If not, if it is too awkward, I will put this UHK up for sale,
and return to my old keyboard – A GoldTouch, split design which tilts and tents …very ergonomic, just very old and UN-elegant and out of production since many years.

I welcome comments and critique on any of this.
And if someone wants to contact me privately:
vivid.coffee3916@fastmail.com

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You are not alone :slight_smile: . I did exactly the same

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Very interesting keypad.
Thanks, Istep, for that photo.

If layers and keeping your hands in the home row position are not your thing, why did you get a UHK? That’s the whole purpose and selling proposition.

I am super happy with the UHK. I added a number pad layer, I just hold TAB with my left pinkie, and M,. / JKL / UIO / 789 become my number pad.

7 8 9  =  7 8 9
U I O  =  4 5 6
J K L  =  1 2 3
M , .  =  0 , .

Issue solved, I can easily enter numbers into an Excel sheet etc. Hit TAB once to enter the next cell / next field, hold TAB (=osecondary function) to enter numbers.

If that’s not your thing, stay with a standard full sized keyboard. There you have keys for everything and don’t need layers.

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Peter, when you specify your goals we can see if there is a solution that will make the UHK your keyboard.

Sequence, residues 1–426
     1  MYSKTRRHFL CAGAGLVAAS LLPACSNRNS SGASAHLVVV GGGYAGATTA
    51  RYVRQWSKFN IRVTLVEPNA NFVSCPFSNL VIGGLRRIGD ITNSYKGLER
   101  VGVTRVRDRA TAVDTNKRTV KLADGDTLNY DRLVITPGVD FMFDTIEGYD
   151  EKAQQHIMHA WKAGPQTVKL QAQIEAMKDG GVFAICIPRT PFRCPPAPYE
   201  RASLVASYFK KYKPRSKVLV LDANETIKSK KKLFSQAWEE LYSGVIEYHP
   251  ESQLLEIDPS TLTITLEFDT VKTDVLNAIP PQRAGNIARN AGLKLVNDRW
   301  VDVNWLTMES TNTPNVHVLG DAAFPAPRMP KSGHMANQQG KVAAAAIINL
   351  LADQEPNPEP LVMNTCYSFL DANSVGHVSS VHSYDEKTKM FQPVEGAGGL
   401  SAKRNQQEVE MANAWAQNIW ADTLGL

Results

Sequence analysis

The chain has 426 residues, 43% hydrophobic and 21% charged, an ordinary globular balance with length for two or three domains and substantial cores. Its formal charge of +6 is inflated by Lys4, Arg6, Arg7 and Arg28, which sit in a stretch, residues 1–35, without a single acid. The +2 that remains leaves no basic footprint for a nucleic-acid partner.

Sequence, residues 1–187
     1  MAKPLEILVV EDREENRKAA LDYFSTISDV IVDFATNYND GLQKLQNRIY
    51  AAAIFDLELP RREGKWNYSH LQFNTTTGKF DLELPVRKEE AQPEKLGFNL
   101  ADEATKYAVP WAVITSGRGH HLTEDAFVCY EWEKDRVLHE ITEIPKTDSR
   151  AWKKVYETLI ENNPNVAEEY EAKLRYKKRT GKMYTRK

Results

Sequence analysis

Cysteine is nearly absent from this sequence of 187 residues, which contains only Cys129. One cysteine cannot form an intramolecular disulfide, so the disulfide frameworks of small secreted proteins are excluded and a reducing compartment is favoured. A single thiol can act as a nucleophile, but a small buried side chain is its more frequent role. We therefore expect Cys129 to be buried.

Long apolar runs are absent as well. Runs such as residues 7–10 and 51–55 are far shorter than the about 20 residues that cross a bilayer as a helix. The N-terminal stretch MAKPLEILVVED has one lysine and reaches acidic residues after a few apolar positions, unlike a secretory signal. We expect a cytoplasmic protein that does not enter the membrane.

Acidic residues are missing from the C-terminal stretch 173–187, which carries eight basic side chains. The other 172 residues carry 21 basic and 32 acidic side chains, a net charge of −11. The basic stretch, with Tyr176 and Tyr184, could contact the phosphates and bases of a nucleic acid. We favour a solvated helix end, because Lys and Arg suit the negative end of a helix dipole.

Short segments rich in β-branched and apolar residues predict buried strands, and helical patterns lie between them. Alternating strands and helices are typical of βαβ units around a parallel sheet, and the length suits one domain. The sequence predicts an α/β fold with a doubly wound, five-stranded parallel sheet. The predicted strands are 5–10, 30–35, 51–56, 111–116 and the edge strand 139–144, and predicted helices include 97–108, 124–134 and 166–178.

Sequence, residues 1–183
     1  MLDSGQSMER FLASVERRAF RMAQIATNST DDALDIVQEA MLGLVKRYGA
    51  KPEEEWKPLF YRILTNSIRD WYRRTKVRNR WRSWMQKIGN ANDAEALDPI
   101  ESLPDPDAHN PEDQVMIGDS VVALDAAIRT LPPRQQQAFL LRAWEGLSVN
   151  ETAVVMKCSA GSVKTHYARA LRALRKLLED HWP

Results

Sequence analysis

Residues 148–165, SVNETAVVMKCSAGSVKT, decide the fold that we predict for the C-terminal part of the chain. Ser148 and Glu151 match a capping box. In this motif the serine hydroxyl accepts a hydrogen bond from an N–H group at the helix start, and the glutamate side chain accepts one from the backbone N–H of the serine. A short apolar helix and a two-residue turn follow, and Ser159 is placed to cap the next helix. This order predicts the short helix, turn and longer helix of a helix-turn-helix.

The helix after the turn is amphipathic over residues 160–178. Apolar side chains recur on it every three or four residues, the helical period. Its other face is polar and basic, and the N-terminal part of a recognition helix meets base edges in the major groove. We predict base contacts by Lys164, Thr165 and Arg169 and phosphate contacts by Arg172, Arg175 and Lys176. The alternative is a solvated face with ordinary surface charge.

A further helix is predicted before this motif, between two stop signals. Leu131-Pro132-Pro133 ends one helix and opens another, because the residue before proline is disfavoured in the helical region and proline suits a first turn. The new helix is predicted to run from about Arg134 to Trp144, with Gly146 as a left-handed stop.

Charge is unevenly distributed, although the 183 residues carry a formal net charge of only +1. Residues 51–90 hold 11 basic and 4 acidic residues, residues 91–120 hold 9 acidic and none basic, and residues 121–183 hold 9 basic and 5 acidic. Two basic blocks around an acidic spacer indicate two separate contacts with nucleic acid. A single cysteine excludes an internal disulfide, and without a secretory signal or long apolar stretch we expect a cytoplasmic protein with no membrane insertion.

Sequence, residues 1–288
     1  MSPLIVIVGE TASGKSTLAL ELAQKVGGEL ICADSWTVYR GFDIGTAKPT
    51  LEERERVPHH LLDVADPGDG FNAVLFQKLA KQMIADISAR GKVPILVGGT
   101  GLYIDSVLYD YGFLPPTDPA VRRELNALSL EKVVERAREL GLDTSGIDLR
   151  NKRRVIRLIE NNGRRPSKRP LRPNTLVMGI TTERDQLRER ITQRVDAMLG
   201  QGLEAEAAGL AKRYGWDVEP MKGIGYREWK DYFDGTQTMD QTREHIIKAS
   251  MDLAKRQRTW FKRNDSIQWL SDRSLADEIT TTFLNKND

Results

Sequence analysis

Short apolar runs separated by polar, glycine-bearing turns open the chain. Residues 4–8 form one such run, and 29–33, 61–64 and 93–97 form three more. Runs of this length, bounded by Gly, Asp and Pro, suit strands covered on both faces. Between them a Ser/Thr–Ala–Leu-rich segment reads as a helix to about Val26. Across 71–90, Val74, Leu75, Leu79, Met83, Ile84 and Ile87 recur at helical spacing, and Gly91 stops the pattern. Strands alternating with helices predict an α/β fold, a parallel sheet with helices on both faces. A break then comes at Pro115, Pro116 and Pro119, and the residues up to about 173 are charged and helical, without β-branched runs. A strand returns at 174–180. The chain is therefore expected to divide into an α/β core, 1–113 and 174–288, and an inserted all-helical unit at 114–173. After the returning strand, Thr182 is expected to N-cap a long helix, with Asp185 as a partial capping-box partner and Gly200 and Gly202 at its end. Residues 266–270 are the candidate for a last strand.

Navigation (arrows, pageUp/Down…), but also pressing Del, Backspace, Ins and the like is actually much easier than on a standard keyboard when you use layers. Is that already bothering you? It takes a bit of practice, but is much more convenient. That is my experience from now 15 years using this approach. Or is your problem that you do not know how to handle shortcuts like Win+RightArrow efficiently? This is something I have not solved right now (as new to UHK like you are). I personally think the missing arrow keys are most important, therefore I remapped the lower right 4 keys to be arrows. That is my first approach to this. Then I can press key combos like Win+RightArrow like I used too on a standard keyboard. Still I would prefer when I have a solution where I can press those combos also from the home-row, which I currently have no good solution for. Now I am looking into home-row-mods and the like.